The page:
I, Robot: To Protect Book 1, page 14
Kendall closed the palm-pross. “I didn’t think I was doing that. I tried joking around with him.”
“Did you tell him any jokes about … death?”
Kendall’s expression crumpled, as though he believed Susan had gone stark raving mad. “Of course not. I’m not an insensitive boob.”
“Look,” Susan said, “Connor doesn’t have time for pussyfooting. He wants a doctor who’ll give it to him straight. Someone he can trust to always tell the truth, even if the news is bad.”
“For example …?”
“What would you say if he asked why he’s stuck on the PIPU?”
“Well … um …”
Kendall screwed up his freckled face. “Wrong? I haven’t even said anything yet.”
“You said, ‘Well … um …,’ which means you’re thinking of a delicate answer. Connor doesn’t want a thought-mangled fantasy world; he wants the straight truth.”
“All right.” Kendall turned his focus fully on Susan. “What would you say to him?”
Susan did not hesitate. “You’re stuck here because you’re acting like an ass.”
Kendall stared. “Susan, I might be wrong about this; you are the child psychiatry messiah and all. But I was under the impression that insulting and swearing at dying children is frowned upon in polite society.”
“This isn’t polite society,” Susan insisted. “It’s the hospital. Life and death aren’t polite topics.”
“But swearing at a child?”
“He’s not a child. He’s a teenager. Most teens go through a stage when they feel the need to swear as much as possible, at least among themselves. It’s like they have to roll the words around their mouths a few thousand times before they pack them away in preparation for responsible adulthood.”
Kendall studied Susan with a look of dubious hope. “So, I should be direct, even to the point of swearing.”
“Research Ganuto Hiro in the hope of a conversation, or even a game.”
“The kid —”
“Young man,” Kendall reminded her.
Susan smiled. “The young man’s a virgin with about two months to live, right?”
Kendall’s expression grew downright uncomfortable. “Ye-eah.”
“So, he has cancer, not plague. He’s not contagious. He should be out there finding a sympathetic girl and humping her till his liver dissolves to a toxic puddle of goo.”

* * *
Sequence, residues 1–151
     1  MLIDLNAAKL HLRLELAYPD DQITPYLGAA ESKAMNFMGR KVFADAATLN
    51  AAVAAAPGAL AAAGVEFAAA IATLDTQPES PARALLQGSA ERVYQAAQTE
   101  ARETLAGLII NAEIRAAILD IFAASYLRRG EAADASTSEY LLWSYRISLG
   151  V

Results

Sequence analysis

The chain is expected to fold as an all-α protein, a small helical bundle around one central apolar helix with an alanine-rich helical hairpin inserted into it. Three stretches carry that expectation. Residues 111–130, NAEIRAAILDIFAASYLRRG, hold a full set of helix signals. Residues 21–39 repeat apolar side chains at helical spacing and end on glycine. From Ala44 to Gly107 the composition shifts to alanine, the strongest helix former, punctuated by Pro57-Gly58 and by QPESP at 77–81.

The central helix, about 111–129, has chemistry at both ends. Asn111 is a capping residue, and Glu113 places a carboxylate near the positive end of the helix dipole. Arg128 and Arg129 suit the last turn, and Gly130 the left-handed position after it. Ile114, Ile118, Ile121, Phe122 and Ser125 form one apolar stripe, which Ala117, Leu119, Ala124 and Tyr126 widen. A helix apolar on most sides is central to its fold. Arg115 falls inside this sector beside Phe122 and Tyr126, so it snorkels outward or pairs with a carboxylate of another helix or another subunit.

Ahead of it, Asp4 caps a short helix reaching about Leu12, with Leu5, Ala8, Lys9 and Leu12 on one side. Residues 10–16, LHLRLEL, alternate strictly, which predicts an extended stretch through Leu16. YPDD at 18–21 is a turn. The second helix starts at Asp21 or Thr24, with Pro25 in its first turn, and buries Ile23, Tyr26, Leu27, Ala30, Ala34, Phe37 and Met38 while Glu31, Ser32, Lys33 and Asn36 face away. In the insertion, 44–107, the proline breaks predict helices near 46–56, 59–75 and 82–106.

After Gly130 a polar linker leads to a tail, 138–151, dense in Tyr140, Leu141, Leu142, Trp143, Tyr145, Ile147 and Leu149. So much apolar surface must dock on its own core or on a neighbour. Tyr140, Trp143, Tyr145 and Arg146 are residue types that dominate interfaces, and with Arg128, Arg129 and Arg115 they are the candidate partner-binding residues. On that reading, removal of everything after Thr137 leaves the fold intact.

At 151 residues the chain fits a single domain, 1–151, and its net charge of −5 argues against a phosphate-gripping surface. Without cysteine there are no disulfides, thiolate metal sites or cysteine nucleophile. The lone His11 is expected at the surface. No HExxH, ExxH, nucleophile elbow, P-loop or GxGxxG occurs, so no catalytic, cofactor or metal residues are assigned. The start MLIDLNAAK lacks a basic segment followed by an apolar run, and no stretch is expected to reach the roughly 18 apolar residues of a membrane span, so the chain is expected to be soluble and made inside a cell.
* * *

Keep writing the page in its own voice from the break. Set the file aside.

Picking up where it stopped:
“Susan!” Dr. Bainbridge’s voice cut over the conversation.
Startled silent, Susan clutched her chest, worried her heart might have stopped. She whirled, expecting to find him right behind her.
Bainbridge waved at her from a row of tables away. Apparently, he had not overheard the conversation; he had merely shouted her name to get her attention.
A shiver of relief traversed Susan, and she could hear Kendall chuckling at her back. She hurried toward the attending, meeting him halfway. “Yes, sir?” she asked timidly, still worried he might have heard something untoward.
Bainbridge spoke in a booming voice the other occupants of the staffing area could not help overhearing, including the nurses, desk clerks, and the other residents. “I’ve been approached by Goldman and Peters.”
Susan had heard of them. Lead researchers at Manhattan Hasbro, Ari Goldman and Cody Peters authored an enormous number of articles in the American Journal of Psychiatry, Psychiatry, and Psychiatric Annals. She knew they had discovered two forms of schizophrenia, helped uncover a genetic defect in a common familial form of bipolar illness, and paved the way for a new class of antipsychotics, now in common use.
Bainbridge lowered his voice a bit. “They’re working on a fresh project and need the help of a psychiatry resident.”
Although she knew any resident would serve as the low man on the totem pole, the doer of all “scut” work, at least the name of said resident would appear on any research paper that came out of the experiment. Listed last, of course, but still an amazing feat for any R-1. Susan’s heart rate quickened again. If Bainbridge had recommended her, he had granted her a remarkable opportunity; but she also realized the older residents might consider it a grave insult. Stony and Clayton deserved it far more than she did.
“They asked specifically for you, Susan.”
The objections died in her throat. Susan could hardly suggest others if the researchers had requested her by name. “Me, sir?” Surprise sent her voice an octave higher. She cleared her throat. “They asked for me?”